Sanitation workers are paid by the municipal corporation to sweep and clean the city streets
Chandigarh Municipal Commissioner KK Yadav was conducting a surprise inspection in June when he found out that 625 sanitation workers, who are paid by the government, were not on duty. Upon probing, he learnt that they were all working for babus, doing the personal chores of officials, retired govt employees, councillors, and sometimes even their kin.
An internal report submitted by the civic body mentioned that each of these sanitation workers draw a salary of around Rs 13,000 every month, effectively meaning that more than Rs 80 lakh goes out of the corporation’s coffers just to pay “ghost employees”.
Sanitation workers are paid by the municipal corporation to sweep and clean the city streets.
The medical officer of Chandigarh corporation’s health wing has now been asked to withdraw all the 625 workers immediately. If the sanitation workers do not return to their actual place of work, the commissioner has ordered their dismissal from service.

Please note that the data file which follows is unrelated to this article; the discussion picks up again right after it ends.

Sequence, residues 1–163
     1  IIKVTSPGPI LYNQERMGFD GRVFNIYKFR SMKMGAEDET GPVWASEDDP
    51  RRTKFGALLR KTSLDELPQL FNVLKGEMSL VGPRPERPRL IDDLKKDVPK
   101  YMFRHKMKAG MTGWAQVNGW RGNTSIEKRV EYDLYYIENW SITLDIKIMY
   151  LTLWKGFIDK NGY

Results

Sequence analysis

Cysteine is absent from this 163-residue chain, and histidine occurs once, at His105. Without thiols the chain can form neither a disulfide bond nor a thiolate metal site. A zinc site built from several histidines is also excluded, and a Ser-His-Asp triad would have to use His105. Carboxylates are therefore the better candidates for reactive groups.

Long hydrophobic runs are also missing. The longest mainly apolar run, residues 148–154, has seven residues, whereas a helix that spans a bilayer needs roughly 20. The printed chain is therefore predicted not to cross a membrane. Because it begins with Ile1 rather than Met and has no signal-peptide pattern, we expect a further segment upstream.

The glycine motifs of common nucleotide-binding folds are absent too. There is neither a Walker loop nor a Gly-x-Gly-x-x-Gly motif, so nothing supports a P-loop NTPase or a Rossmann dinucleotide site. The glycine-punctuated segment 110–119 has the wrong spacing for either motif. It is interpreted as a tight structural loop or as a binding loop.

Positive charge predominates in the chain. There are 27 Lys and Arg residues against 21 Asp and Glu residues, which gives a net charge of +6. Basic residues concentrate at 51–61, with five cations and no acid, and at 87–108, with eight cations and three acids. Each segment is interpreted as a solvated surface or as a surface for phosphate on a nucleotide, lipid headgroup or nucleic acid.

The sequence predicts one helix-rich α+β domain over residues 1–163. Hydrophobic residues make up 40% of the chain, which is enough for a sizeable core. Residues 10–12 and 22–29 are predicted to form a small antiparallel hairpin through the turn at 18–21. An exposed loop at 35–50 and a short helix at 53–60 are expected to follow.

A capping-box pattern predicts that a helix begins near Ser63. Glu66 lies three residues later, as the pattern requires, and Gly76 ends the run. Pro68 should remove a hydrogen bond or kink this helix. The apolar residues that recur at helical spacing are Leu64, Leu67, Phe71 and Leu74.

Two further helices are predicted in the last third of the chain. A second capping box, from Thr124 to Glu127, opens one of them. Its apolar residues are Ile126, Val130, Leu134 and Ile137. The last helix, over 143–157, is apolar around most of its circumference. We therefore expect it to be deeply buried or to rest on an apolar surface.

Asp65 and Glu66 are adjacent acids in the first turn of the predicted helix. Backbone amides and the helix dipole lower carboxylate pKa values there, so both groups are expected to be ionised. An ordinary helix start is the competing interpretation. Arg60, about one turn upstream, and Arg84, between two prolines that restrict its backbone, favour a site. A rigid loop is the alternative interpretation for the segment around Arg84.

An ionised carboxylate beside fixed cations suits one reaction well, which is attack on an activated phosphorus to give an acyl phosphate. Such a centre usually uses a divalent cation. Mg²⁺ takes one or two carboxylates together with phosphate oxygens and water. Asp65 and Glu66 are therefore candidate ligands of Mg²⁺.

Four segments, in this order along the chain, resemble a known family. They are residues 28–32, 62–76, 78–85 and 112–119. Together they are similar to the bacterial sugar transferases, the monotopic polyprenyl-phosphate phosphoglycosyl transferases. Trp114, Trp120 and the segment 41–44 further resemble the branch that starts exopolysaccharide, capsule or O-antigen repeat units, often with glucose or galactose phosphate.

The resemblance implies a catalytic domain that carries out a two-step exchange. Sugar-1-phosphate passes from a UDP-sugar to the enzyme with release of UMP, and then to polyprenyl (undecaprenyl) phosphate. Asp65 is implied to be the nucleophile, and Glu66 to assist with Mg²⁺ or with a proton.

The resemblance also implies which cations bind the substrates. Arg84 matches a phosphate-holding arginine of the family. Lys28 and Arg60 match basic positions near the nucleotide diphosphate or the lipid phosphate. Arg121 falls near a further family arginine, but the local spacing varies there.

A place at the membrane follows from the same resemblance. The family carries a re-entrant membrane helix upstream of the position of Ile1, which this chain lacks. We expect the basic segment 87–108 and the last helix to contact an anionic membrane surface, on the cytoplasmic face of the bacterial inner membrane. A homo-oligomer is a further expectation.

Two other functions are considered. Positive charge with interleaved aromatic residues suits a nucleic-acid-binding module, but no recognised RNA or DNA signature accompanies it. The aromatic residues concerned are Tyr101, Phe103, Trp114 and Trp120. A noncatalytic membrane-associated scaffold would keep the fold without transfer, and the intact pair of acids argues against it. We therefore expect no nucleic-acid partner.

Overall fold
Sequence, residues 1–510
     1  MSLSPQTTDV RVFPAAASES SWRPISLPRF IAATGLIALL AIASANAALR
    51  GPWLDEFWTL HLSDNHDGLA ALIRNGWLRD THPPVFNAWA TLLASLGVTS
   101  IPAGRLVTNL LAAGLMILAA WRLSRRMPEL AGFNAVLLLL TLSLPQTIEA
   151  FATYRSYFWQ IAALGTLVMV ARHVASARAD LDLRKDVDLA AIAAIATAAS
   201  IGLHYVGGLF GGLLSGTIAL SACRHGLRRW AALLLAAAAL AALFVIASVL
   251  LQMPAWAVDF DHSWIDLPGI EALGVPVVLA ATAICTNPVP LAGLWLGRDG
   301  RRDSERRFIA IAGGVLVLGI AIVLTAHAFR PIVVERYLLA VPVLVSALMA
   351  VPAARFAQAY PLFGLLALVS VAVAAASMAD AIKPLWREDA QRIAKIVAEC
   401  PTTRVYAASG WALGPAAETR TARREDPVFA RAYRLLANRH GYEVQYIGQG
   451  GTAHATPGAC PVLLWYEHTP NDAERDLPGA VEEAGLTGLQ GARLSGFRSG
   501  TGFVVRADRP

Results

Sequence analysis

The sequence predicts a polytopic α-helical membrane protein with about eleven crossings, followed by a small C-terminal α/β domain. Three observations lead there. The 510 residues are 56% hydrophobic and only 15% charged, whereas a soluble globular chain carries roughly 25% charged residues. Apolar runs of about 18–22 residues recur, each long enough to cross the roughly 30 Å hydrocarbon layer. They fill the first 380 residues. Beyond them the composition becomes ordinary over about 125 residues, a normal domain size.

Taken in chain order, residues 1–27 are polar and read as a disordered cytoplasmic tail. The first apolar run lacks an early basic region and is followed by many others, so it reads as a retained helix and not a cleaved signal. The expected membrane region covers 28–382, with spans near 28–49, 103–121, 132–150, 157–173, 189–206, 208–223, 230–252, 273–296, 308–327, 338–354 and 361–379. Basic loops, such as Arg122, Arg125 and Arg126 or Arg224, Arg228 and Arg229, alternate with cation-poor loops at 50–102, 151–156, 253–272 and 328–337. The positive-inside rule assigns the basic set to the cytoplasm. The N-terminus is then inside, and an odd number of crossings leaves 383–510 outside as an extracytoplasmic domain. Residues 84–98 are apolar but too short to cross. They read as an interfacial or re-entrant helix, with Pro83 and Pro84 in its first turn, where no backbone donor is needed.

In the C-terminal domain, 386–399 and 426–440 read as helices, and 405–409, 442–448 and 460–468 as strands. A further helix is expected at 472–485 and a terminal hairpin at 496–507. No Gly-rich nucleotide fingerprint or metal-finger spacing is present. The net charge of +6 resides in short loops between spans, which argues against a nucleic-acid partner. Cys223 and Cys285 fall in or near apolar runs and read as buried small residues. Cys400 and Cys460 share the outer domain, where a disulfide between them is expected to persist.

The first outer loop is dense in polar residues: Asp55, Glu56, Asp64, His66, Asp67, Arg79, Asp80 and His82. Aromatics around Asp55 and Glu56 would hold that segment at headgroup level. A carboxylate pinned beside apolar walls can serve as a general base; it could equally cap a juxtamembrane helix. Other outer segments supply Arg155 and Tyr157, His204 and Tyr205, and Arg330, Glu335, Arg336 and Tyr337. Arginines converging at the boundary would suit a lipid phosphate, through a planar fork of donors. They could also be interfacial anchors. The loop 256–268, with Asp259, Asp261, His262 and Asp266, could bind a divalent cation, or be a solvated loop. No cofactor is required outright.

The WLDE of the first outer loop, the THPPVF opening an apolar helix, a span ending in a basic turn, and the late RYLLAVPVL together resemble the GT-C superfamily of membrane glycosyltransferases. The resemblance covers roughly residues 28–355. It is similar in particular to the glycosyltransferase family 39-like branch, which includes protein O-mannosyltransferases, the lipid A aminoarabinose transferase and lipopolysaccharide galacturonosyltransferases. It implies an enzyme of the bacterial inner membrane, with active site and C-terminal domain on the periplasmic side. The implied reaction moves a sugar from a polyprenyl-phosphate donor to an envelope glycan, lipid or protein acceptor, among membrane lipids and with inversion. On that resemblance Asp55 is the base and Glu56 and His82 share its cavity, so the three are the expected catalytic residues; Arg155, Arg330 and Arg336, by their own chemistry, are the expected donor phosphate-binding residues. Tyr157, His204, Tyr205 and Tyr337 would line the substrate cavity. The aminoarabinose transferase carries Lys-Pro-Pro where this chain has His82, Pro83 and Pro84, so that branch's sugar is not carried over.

According to a report by The Indian Express, Yadav also has in possession a list of councillors who were making the sanitation workers do their personal work. Engineering department officials were also found exploiting services paid for by the government.
For instance, two sanitation workers were doing the household chores of a junior engineer’s mother-in-law. Six others were working at the house of a former municipal commissioner and two more at the residence of the former joint commissioner.
Mayor Rajesh Kalia said: “I told the officers that they will face suspension if workers in their respective areas do not return to work. Respective area officials have been told to send these safai karamcharis back. These people are supposed to clean up the city.”
He added that one of the councillors even had three safai karamcharis working for him. While one was mopping the house, the other would drive him around, and yet another would wash his clothes.
According to the Medical Officer of Health, most of the workers have returned to work and have been assigned new job roles.